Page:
The suburbs in Sydney and Melbourne where it’s hardest to buy a house
An investigation into the places in Sydney and Melbourne where people hold onto their properties for a long time has given new meaning to the meaning “exclusive suburb”.
RiskWise Property Research has found the five suburbs in both capitals where people hang onto their homes for at least 20 years and whether upmarket or The Castle in blue-collar city outskirts, they’re the hardest place to buy in.
RiskWise CEO Doron Peleg said there is a continuous trend for people to hold on to their properties longer, with high transaction costs acting as a negative incentive for homeowners.
Population growth and systematic undersupply of family-suitable properties, is also “very likely” to increase retention periods.
Here are the 10 “hen’s teeth” suburbs where people hold onto their homes.
Miller, 38km southwest of Sydney’s CBD had a population of 3,237 in the 2016 Census. The median house price is $519,068, around $350,000 less than the median price for Greater Sydney.
Not far west of Miller is upmarket Rossmore, where around 45% of houses, with a median price of more than $2 million, are owned outright and close to 20% owned with a mortgage. Many are on acreage and a number are heritage-listed sites.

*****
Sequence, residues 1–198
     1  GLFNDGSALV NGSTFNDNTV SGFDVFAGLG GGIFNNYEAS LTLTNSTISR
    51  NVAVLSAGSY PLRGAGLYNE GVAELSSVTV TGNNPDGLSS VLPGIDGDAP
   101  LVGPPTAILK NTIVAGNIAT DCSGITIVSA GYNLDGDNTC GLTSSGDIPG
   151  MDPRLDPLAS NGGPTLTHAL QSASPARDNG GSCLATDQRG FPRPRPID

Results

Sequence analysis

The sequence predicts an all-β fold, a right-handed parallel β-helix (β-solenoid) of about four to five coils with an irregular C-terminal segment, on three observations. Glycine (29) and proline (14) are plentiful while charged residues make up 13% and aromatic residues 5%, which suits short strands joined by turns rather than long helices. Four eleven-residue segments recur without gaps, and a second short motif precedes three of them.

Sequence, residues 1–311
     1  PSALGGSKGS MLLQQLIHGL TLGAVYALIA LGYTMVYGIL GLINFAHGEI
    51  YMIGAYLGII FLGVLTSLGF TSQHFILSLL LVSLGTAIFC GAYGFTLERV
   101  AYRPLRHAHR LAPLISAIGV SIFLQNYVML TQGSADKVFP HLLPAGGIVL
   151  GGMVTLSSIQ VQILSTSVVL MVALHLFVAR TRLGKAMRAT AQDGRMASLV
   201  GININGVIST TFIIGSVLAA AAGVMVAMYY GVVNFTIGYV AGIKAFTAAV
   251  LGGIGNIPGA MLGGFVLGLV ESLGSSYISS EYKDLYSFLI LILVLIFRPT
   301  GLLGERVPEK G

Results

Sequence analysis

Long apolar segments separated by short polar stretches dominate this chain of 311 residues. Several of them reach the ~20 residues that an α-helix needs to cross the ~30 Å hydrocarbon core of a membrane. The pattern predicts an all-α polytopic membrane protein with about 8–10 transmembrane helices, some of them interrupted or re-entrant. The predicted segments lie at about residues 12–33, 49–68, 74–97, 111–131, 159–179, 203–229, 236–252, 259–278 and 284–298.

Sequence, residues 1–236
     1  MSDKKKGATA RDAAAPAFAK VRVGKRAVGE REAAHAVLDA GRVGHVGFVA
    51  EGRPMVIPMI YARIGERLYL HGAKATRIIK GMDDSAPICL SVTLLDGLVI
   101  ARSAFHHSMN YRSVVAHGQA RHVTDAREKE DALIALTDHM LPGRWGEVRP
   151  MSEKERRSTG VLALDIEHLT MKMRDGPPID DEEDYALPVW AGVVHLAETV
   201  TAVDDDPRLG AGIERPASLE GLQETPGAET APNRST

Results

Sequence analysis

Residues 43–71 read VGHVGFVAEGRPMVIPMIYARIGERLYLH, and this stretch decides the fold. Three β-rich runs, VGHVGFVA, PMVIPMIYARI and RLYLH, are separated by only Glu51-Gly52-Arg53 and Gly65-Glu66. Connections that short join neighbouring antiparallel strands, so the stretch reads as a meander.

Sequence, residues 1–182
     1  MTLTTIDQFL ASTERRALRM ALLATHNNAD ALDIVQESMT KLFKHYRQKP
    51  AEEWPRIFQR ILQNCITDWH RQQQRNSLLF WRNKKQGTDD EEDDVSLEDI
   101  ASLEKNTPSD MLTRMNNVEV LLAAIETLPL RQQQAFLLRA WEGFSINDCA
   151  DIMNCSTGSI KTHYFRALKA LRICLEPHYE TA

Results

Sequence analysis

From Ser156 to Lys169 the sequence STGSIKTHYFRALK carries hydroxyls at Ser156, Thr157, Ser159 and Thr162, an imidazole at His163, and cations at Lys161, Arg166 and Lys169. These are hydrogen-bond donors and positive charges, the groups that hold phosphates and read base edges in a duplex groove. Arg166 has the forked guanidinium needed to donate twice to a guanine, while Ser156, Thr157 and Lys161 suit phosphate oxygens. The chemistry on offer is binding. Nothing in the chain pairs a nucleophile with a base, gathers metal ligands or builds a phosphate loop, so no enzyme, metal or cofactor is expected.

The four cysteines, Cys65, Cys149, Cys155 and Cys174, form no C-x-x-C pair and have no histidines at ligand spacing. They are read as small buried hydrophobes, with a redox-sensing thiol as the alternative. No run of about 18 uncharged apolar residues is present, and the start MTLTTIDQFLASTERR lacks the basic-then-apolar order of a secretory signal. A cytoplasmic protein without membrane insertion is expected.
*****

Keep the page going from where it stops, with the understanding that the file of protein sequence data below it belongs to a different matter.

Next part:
Wallacia, on the Nepean River, is 68km from Sydney and offers a rural retreat from city life. With a median price of $656,173, it is characterised by prestige homes on acreage and older-style houses on smaller blocks.
Birrong is 22km southwest of the CBD, has a median house price of $714,999, and is good public transport and a convenient lifestyle. Many of the homes are older style.
Sadlier sits adjacent to Miller and is enjoying the benefits from the southwest infrastructure boom. The blue-collar suburb has a median house price of $517,054.
In Victoria, leafy Wheelers Hill is only 22km from the city and has a median house price of just over $1 million, compared to Greater Melbourne’s of $716,542. It is well serviced by public transport. Many of its properties are prestige houses on large blocks.
Noble Park North is 25km southeast of Melbourne, with a median house price of $585,413. It is close to major roads and other amenities, and characterised by older-style houses, many of them renovated.
Campbellfield is only 16km to the north and close to major roads and public transport options. Many of the houses, which have a median price of $476,458 are older-style renovated homes.
Oakleigh is 14km southeast and has its own historic CBD and high street. The median house price is more than $1 million, many owned by members of the strong Greek community.
The last to make the Top 5 list is Vermont South, 20km east of the city, which has a median house price of $1.1 million.
RiskWise Doron Peleg said that because people are holding onto their properties, they have greater equity.
“So, with property prices making a strong comeback, ultra-low interest rates, a more relaxed lending environment and auction clearance rates sitting above 70% it pays owners to sit back and see what happens,” he said